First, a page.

The world is changing. As is the enterprise. Digital is moving center stage, but it appears that the IT function is not.
Could it be that the CIO is so inward looking that she is unaware of the seismic transition taking place as the industrial era tectonic plates are crushed beneath the plates of progress?
It is fashionable to beat up CIOs. Why are there so few in the boardroom? Why aren’t they leading the digital charge?
I spent quite a few years berating the CIO community to raise its game. But more recently, I realized that this well-intentioned pressure was a little unfair. The reality is that many boardrooms aren’t completely up to speed on the implications of the digital economy.
Boards are not sure what it is they want their CIO to do. They know the CIO has to keep the network, applications, and devices running. But is that all that is expected?
Consequently, since the inception of IT, most CIOs were recruited as Chief ‘IT Manager’ Officers. Despite the fact that the ‘I’ in CIO stands for information. More importantly, this was what most CIOs actually wanted to do, and it played to their skillset.
The confusion around what CIOs are in the digital age is similarly perplexing for many CIOs. How do we move forward? To start, we still need good IT managers, particularly in organizations with a portfolio of legacy systems and/or a smorgasbord of heterogeneous technology platforms.
However, technology management is becoming simpler by the day, particularly with the increase in virtualization and cloud. The next wave of organizations, which will eventually flush out the existing Fortune 500, are being built from the web out, and will not carry this technology baggage. So CIOs, be warned, the nanobots are eating your empire.
Before we take radical action, it is worth calibrating your existing CIO. Organizations and fellow C-Level executives must ask the following questions in respect to the CIO:
- Do you really trust your CIO?
- Can the CIO communicate in a language that the leadership team understands?
- Is the CIO truly committed to the organization’s success?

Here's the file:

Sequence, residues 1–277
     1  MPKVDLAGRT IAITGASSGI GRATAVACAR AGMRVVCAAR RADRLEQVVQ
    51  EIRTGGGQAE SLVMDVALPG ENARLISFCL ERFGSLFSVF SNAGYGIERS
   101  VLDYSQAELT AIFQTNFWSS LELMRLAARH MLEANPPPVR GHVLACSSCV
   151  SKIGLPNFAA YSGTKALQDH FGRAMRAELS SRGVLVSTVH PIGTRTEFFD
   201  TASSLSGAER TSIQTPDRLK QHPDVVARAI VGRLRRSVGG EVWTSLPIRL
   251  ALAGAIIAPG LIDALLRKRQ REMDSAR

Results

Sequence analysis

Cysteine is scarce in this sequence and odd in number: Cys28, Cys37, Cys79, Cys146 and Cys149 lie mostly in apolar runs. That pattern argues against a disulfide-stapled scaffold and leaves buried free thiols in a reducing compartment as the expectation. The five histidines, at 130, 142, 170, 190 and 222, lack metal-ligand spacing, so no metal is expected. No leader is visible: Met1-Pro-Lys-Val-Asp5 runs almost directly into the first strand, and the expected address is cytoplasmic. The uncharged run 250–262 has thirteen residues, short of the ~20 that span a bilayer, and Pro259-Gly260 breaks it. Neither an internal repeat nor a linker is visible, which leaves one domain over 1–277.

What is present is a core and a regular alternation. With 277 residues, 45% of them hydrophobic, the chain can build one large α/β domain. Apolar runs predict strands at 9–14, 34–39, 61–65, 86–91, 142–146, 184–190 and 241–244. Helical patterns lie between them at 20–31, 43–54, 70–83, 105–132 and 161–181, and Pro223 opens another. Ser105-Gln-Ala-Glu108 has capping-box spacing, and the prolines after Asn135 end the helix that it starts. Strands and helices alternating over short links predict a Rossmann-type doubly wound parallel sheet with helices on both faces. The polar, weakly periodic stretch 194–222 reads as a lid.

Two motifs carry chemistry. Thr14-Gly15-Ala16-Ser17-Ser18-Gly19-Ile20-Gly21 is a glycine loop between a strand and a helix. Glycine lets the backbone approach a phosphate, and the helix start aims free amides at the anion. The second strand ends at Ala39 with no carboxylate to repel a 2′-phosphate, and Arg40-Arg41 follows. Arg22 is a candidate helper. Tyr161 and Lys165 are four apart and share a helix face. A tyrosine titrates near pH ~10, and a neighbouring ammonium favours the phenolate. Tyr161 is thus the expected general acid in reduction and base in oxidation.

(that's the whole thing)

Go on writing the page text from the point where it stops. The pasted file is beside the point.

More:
- Does the CIO know the difference between a user and a customer?
- Are the CIO’s KPIs the same as your organization’s KPIs?
- Does the CIO focus on cost or value?
- Does the CIO allocate 20 percent or more of the budget to innovation?
- Does the CIO want to be a genuine business leader?
- Has the CIO leapt on leadership opportunities?
- Is the CIO respected by the leadership team and by employees?
If the answers to the above are largely No, then you have, at best, an IT manager. If you have an IT manager, then the question is whether he is good at IT management, or is he poor at IT management? Being poor at IT management means there is little prospect of evolving into a true CIO. This suggests he has a broken career compass. It’s time to bid him farewell, as he zigzags into the sunset.
But what if the organization answers Yes to at least half the CIO calibration questions? You may have boardroom potential on your hands. A key question to ask is whether he wants to join the leadership team? Forget it if he is not interested. Some people prefer to get on with doing stuff rather than dealing in the arcane arts of the boardroom.
But if the CIO is ‘game on’ for becoming a digital leader, then the organization needs to take the following steps:
- Be clear that the leadership team understands what digital really is. (Clue: It’s more about people than technology).
- Offload those CxOs who are mentally trapped in an industrial era mindset, for example, “Strategic decisions are the preserve of the boardroom”, or “We will stick to the plan regardless of the conditions”.
- Agree with all parties what is expected of the CIO, and how technology management will be managed, given that it will be a very small percentage of the remit.
- If your HR function gets digital, then have them work with you to create a development plan for your CIO. Involve and give the CIO ownership of the plan.
- Involve your CIO at all board meetings. Not out of politeness, but because there are few matters that do not have a digital component.
Over time, expect your CIO to move from being an active participant in strategy design to being the leader of strategy.
New technologies have the power to disrupt industries. So it makes sense to have a leader who can see ‘change the business’ opportunities before they become ‘save the business’ catalysts.
The failure of the CIO is a failure of boardroom digital leadership. This leads to the fact that the organization is not adjusting to an increasingly digital world.
This boardroom dysfunctionality is conveniently pinned on the CIO, who in many cases, signed up to manage IT and not lead the digital transformation.
If upgrading your CIO is not an option, then a ‘swap out’ is the next best thing. But don’t prime the recruiters until your leadership team is crystal clear on what they need a CIO to accomplish.
Get this right and you will be appointing your future head of strategy, and may even in the process have addressed the CEO succession plan. Get this wrong and you and your leadership team will find yourselves drowning in an inescapable (big) data cesspool, looked upon by your grinning competitors.
Ade McCormack is a near futurist, digital strategist, keynote speaker and author. He is a columnist focusing on digital leadership. He has written a number of books, including one on the future of work, (Beyond Nine to Five – Your Career Guide for the Digital Age). He has also lectured at MIT Sloan School of Management on digital leadership.
For more information on Ade, please visit www.ademccormack.com.
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